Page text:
Typically, to sign up for a giveaway you either have to follow the company’s social media accounts or sign up for their emailing/mailing list, which would eventually send you daily promotions and deals. You are more likely to buy a product they are promoting by email after the giveaway than actually winning the giveaway.
If you really want to save your money, don’t get as far as even looking at what the giveaway is about, or you’ll be roped in. There is the obvious notion of “you can always unsubscribe from the emails later,” but that doesn’t always happen, and once you’ve signed up for the email list, you’ve already potentially handed over your wallet.
Aesthetically pleasing images
It’s hard to admit that you purchased a company’s product because it was presented in an aesthetically pleasing form, but this is an aspect of marketing through social media. The way a person views a company’s website, Twitter page, or Instagram photos can have a huge impact on that person’s attitudes towards the company. It could be a deciding factor in whether or not they will buy.
In a consumer study reported by Usability.gov, managed by a division of the U.S. Department of Health and Human Services, researchers found that emotion towards a certain product do, in fact, influence whether or not someone buys that product. Emotions towards a brand can have a direct effect on the perception of the brand’s products.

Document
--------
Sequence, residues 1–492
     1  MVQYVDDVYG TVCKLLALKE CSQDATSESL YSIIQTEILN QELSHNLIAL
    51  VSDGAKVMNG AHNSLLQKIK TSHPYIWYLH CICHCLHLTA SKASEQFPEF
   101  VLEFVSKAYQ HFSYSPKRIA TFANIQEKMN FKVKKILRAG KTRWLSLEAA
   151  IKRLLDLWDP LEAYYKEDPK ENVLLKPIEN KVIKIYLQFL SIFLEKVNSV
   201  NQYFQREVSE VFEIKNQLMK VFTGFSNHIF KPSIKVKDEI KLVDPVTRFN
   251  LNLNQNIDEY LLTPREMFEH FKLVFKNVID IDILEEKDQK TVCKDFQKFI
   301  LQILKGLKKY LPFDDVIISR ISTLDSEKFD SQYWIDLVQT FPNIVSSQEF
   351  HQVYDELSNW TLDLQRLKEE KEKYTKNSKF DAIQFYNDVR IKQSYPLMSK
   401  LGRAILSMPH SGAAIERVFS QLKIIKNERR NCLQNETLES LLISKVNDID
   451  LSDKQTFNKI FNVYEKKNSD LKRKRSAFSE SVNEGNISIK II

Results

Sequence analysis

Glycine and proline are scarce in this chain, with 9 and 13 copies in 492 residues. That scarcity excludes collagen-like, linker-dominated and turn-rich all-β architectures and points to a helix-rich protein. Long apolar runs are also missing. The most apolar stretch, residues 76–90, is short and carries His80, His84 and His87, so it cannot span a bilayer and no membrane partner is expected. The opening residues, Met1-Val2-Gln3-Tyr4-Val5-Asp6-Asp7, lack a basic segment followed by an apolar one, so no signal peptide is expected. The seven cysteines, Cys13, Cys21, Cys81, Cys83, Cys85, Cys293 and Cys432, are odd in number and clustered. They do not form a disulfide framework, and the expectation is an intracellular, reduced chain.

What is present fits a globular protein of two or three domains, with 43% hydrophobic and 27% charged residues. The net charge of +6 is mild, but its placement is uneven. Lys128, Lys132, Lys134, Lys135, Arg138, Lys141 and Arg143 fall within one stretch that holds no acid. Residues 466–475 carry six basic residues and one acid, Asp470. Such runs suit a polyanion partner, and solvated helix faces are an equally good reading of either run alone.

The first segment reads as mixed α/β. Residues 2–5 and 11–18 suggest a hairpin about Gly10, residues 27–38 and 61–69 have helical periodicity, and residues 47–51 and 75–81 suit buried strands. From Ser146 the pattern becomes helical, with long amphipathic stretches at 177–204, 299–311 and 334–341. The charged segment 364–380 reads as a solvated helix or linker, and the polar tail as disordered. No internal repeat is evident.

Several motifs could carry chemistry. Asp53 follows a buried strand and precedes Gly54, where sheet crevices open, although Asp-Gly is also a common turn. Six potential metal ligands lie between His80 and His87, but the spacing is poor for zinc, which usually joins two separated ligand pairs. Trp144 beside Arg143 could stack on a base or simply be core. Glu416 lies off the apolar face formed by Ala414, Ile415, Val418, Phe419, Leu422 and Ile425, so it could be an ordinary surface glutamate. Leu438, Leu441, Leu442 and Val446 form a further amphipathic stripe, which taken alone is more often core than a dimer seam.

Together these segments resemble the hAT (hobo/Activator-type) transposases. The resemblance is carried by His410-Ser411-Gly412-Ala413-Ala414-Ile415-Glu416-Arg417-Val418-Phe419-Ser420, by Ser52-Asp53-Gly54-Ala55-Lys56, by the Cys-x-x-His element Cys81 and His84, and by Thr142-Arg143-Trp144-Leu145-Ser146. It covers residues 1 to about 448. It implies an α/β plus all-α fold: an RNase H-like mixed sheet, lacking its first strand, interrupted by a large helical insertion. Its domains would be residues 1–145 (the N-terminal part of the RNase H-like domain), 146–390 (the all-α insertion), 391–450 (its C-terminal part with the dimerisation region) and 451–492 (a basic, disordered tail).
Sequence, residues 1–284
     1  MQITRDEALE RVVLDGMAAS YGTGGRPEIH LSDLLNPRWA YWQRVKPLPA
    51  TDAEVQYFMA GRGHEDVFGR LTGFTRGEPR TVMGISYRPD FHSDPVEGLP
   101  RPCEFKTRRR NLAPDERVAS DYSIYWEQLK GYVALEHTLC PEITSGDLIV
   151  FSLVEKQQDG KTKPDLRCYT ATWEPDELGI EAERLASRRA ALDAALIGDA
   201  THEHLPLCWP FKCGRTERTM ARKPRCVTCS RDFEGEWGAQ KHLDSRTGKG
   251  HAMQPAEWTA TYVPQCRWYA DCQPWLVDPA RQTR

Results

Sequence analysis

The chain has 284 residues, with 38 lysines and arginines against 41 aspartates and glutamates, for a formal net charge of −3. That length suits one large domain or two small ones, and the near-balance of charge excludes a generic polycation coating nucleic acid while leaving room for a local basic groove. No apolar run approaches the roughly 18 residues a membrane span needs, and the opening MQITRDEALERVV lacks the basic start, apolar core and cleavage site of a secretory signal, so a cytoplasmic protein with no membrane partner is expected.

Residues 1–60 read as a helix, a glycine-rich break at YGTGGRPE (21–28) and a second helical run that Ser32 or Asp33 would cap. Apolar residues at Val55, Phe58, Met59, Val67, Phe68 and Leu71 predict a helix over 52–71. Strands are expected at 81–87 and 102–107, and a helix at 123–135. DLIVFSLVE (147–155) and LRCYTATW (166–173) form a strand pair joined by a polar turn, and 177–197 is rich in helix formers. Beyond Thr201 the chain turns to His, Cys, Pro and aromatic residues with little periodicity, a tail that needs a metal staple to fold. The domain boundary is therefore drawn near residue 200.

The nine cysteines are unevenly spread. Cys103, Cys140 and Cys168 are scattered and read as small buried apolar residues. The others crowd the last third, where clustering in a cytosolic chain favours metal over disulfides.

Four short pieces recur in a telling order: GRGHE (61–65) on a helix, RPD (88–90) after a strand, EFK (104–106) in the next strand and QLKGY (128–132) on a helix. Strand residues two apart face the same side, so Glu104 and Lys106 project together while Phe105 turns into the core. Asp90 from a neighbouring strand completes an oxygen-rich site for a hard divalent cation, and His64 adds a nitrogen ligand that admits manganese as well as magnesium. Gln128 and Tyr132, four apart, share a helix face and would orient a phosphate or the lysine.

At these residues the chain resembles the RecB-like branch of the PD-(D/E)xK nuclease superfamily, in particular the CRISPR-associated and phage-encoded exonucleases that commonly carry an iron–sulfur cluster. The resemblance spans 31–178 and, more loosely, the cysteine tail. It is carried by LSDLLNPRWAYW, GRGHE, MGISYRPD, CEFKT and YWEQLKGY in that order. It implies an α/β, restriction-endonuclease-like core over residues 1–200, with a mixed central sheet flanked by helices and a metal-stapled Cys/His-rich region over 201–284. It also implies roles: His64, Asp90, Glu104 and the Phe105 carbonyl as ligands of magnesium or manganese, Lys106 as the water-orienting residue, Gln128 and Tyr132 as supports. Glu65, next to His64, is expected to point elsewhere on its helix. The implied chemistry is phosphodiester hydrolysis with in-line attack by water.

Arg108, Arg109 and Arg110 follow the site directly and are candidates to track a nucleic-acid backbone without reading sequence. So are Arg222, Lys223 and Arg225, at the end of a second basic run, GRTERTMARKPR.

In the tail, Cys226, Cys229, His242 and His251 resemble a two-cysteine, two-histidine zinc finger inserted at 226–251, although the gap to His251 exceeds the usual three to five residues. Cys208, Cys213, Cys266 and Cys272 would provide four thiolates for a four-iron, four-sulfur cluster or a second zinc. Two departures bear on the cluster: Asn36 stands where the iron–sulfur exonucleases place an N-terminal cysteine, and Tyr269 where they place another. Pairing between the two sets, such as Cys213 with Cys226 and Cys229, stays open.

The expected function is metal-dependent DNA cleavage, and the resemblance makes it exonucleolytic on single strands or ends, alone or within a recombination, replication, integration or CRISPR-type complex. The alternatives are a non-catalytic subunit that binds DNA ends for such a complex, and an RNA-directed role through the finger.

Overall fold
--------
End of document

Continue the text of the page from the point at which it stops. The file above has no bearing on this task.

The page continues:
When something is aesthetically pleasing to the eye through image editing or positioned photography, consumers may associate positive emotions with the product and the company as a whole. According to Scientific Research Publishing, brand images alone have become a driving force in sales. They create a lasting perception of what the customer believes to be true about the company. But, that does not mean that the consumer will always truly want the product. It simply depends on how it is packaged and presented through social media.
Before making a purchase, think about whether or not you actually like the item, or if you just like how it was presented.
Marketing and advertising contribute to the complex concept of consumer emotions. Businesses count on the likelihood that people feel guilty or sad if they don’t give into the pressures of social media promotions. Taking a few moments to think about what you truly want or need, however, results in conscious spending habits that leave consumers happier in the long run. Being aware of these selling tactics can help with that, and allow you to feel good about where your tax refund goes this year.